Via Kevin Goodwin
Via Herman Svensson
One of the early mountaineers you can learn about in our museum is Levi Trentham, who was called “the Prophet of the Smokies” and the “Mayor of Elkmont.” In his early days, Levi eked out an existence trapping bears and selling their hides. When tourists began invading the mountains, Levi cashed in by becoming a guide and one of the Smokies’ most popular storytellers. His renown as a racanteur got him invited to the dedication of Knoxville’s Henley Bridge. He arrived at the festivities, as the advertised representative of the “sprit of the Smokies,” in an oxcart.
According to Bill Hooks, the author of Whistle Over the Mountain, the classic book on the Little River Railroad & Lumber Company, Mr. Trentham established his own grocery store later in life. Being illiterate, he devised a unique way to run his store. He created an accounting system by hammering nails into the walls of his store for each of his customers. Each time a customer purchased an item on credit, Levi would draw a picture of the item purchased and stick it on the customer’s nail. However, this occasionally led to some humorous mix-ups.
For instance, a customer charged into the store one day accusing Levi of cheating him. He’d been in earlier to pay off his account and claimed Levi had charged him for something he never bought. Levi asked, “What be it?” The customer answered, “Well, you charged me for a wheel of cheese and I ain’t bought no wheel of cheese.” Levi then inquired, “Well, what did you buy?” “I bought a grindstone!” “Well,” Levi explained, “I just forgot to draw the hole in your grindstone, and that’s why I charged you for cheese.”
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Via Cousin John
A program designed by the University of North Carolina (UNC) teaches 3 and 4-year-old disabled preschoolers to “deconstruct whiteness,” according to a report from Education First Alliance (EFA). Education groups called on the North Carolina General Assembly to stop funding a statewide program that teaches Critical Race Theory (CRT) aligned ideas to special education students, according to an EFA press release.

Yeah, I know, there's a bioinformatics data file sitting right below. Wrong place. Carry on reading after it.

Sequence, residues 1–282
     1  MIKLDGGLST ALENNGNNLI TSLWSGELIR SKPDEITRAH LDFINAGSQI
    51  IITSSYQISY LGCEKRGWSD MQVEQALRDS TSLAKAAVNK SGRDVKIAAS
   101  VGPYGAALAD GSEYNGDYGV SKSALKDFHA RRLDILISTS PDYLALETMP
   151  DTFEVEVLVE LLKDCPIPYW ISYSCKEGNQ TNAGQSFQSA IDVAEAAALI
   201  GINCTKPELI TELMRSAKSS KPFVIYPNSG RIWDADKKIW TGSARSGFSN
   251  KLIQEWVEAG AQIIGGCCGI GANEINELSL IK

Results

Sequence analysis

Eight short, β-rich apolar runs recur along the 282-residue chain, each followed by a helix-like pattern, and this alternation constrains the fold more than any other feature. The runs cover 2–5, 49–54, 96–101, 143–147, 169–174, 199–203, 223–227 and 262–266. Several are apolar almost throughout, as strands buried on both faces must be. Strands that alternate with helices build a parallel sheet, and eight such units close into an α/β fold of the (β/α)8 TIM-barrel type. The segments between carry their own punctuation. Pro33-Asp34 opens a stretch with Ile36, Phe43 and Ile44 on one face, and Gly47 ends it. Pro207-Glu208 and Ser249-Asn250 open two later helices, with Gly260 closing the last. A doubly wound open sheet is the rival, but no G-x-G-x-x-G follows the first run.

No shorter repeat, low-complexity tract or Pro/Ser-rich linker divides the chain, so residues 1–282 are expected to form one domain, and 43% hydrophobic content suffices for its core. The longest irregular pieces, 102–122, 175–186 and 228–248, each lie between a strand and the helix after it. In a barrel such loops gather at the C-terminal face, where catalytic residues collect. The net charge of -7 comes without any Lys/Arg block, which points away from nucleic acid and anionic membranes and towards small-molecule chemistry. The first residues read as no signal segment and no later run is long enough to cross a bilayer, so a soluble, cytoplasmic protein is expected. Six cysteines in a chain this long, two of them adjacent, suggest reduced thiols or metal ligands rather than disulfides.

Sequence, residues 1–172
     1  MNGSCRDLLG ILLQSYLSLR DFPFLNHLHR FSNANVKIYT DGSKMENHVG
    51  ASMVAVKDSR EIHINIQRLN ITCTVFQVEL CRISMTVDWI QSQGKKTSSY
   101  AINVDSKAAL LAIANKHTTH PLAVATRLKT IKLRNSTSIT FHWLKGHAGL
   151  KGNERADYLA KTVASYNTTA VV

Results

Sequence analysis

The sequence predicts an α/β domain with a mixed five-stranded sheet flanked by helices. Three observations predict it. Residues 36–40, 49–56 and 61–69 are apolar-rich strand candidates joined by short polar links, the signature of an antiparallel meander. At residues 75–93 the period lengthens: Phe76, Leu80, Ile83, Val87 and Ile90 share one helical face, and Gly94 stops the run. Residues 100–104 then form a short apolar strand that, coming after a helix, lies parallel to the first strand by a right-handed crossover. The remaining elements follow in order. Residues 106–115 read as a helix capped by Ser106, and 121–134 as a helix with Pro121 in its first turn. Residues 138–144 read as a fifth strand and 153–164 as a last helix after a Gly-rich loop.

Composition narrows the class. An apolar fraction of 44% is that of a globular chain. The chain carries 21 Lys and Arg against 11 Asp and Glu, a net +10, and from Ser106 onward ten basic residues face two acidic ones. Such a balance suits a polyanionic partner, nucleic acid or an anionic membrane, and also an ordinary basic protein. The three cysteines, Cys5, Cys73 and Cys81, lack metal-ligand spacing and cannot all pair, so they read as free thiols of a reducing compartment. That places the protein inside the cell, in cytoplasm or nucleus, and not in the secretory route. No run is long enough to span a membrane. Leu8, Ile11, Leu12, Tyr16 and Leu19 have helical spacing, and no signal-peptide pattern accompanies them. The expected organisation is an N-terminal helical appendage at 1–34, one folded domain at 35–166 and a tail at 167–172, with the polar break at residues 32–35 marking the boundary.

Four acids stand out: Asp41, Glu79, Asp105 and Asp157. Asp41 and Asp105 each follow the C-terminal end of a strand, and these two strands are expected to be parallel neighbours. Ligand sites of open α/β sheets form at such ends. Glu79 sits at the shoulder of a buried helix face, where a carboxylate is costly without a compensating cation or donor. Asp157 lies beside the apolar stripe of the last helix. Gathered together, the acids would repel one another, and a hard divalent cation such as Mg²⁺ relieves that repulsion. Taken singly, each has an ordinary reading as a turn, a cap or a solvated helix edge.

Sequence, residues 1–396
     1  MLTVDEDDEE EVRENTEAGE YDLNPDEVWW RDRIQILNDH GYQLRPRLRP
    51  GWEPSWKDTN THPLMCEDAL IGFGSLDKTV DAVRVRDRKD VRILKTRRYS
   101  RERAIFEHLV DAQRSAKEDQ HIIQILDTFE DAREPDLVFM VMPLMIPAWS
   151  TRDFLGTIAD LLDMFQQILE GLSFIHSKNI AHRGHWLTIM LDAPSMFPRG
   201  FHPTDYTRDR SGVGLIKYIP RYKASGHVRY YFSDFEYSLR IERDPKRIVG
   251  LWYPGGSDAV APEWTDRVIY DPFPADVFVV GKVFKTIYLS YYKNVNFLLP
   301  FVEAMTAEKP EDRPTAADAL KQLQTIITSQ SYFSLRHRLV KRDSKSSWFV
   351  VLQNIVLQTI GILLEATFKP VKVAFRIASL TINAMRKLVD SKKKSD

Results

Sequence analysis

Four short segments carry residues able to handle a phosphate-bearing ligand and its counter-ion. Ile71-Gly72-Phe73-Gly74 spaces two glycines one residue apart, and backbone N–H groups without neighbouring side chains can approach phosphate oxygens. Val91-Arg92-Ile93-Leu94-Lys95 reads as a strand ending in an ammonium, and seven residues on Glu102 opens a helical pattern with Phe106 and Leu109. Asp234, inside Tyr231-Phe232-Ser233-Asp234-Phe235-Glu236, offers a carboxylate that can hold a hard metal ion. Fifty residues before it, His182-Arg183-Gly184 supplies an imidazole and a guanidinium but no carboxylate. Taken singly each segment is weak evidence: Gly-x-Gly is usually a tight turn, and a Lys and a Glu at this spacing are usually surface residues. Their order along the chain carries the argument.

There is no hunting like the hunting of a man, and those who have hunted armed men long enough and liked it, never care for anything else thereafter.”
Chris Kyle is probably the most famous sniper in U.S. history. Thanks to his best-selling autobiography, American Sniper, and an award-nominated film of the same title, the Navy Seal became an icon with 160 confirmed kills in four tours of duty in Iraq. However, decades before, Carlos Hathcock became a legendary sniper in the dense jungles of Viet Nam.
“The most deadly thing on a battlefield is one well-aimed shot.”
—Sgt. Carlos Hathcock
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There once were more than fifteen hundred Confederate memorials, including over seven hundred major monuments and statues, erected all across the United States and Canada, as well as in such far-flung locations as Brazil, Ireland and Scotland. These memorials were erected from 1867 to 2017, and during the first century and a half of their existence, only five of them were ever removed for one reason or another. However, beginning with the 2015 controversy over the Confederate Battle Flag in Columbia, South Carolina, a veritable firestorm has arisen that seeks to do away with everything related to the Confederacy. Since that year, over a hundred and fifty of these memorials have been removed by law or destroyed by vandals. The Confederate memorials that still remain in place, as well as the new targets that are now being added to the list of objectionable images, have all become orphans of this raging storm.
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